We’re far from the final answer here: one day I hope to be telling you about fully 3D models of exomoon atmospheres.  Even 1D models like ours still need some extra physics, like investigating how changing the spectrum of incoming radiation affects this answer.  But every step is a step forward!

The power myth will soon be all that’s left of modern politics

The latest episode of This American Life has got me thinking about the dynamics of modern politics, and not just the 2016 American presidential elections, but the upcoming referendum on the UK’s place in the EU.

In the episode, we’re introduced to Alex Chalgren, a young Trump supporter with a troubled background. A gay black man adopted by an evangelical, Cruz-supporting Christian family, who loves Alex but cannot reconcile this with his sexuality, his life has been described as an “impotent man [seeking] power”, a person whose circumstances have never been entirely in their control.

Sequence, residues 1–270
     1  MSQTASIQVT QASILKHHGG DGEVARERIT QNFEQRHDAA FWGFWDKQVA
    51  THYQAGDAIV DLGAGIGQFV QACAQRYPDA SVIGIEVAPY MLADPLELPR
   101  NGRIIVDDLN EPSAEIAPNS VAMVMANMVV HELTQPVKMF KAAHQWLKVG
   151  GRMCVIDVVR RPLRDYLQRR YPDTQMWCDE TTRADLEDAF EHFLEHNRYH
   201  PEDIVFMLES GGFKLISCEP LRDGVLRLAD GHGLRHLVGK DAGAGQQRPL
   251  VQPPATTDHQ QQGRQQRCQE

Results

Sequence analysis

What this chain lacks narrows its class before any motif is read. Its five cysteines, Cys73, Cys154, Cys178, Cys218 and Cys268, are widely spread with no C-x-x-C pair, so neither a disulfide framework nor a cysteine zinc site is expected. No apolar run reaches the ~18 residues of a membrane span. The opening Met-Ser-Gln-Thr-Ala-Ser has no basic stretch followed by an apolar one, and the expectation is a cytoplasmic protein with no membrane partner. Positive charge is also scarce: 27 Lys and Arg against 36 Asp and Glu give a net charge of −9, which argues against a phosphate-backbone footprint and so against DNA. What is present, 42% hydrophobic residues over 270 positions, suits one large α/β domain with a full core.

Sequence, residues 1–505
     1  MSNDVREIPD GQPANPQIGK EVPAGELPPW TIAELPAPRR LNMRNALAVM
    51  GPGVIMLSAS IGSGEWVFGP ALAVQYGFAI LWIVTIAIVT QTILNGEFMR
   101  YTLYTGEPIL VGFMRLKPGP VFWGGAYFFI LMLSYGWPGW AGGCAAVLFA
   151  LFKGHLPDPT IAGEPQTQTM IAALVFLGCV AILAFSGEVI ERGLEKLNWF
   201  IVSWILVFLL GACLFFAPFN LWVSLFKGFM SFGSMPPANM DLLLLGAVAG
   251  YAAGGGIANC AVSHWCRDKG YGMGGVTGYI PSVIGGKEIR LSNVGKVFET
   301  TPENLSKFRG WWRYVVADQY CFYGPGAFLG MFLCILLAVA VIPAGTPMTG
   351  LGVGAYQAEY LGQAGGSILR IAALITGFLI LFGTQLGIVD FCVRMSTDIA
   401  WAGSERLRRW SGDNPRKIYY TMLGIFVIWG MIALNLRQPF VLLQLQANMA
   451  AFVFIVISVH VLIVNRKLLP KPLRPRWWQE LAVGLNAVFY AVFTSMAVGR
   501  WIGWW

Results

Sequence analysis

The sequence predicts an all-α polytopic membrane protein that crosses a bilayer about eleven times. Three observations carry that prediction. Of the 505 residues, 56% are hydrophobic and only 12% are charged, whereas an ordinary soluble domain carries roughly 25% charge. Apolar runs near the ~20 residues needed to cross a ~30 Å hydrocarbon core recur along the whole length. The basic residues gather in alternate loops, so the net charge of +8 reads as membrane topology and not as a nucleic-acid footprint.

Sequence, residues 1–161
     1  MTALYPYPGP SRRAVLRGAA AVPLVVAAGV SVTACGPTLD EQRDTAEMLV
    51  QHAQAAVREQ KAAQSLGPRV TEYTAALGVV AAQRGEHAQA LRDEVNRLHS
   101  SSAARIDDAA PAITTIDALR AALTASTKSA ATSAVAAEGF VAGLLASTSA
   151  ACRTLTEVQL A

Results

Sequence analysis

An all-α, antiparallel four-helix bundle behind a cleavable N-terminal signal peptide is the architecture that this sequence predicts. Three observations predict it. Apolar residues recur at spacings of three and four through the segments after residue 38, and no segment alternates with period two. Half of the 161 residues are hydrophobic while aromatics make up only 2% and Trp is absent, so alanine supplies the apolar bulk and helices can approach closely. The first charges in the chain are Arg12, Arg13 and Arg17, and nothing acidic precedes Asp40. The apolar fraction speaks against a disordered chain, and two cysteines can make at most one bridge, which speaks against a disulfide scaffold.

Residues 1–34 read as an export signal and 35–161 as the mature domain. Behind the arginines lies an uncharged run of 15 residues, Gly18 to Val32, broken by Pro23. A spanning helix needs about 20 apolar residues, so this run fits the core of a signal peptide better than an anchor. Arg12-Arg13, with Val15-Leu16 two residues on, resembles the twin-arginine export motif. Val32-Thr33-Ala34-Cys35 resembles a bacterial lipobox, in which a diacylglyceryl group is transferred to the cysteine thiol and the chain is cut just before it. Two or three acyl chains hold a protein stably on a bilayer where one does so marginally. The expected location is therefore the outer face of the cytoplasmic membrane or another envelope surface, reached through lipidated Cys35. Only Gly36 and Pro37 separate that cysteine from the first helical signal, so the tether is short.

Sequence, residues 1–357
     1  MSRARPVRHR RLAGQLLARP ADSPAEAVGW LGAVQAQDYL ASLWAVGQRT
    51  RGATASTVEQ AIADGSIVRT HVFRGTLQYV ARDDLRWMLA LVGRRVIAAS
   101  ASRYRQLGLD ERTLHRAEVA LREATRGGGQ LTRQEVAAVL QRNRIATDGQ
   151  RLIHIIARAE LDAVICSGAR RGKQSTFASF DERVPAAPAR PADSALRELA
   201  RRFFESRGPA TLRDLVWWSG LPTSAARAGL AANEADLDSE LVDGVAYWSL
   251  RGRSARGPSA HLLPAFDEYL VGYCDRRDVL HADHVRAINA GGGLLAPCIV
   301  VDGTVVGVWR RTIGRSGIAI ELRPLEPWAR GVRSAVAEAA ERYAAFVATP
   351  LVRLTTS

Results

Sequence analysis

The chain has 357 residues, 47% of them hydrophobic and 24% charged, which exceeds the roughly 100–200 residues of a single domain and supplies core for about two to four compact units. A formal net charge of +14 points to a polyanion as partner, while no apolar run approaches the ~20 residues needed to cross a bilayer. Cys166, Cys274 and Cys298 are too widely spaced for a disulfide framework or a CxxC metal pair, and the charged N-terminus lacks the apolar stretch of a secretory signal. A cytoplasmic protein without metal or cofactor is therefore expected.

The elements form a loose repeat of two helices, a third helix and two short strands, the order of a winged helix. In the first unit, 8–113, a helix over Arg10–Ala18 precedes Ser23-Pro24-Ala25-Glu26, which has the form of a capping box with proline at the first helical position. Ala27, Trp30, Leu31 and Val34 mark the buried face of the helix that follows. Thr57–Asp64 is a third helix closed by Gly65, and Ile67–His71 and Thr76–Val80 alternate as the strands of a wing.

That last sentence describes us all, doesn’t it? We are the captains of our souls, but we are not the masters of our fate. Disenfranchisement is the cloud that hangs over all of Western politics, hiding the silent masses of people sick-and-tired of political business-as-usual. The politician that harnesses this swirling vortex of despair, hate and fear has an almost unlimited power source, if they can transmute it into a seemingly positive force.

The SNP have been extremely successful in this practice in Scotland, capitalising on the independence referendum to engage sectors of the electorate who had never seen the inside of a polling booth, and destroy the competition in last year’s elections. Donald Trump is crushing his rivals in the Republican primaries, scooping up voters from almost every demographic, and Bernie Sanders is a strong second to Clinton, an unthinkable socialist in the top tier of US politics.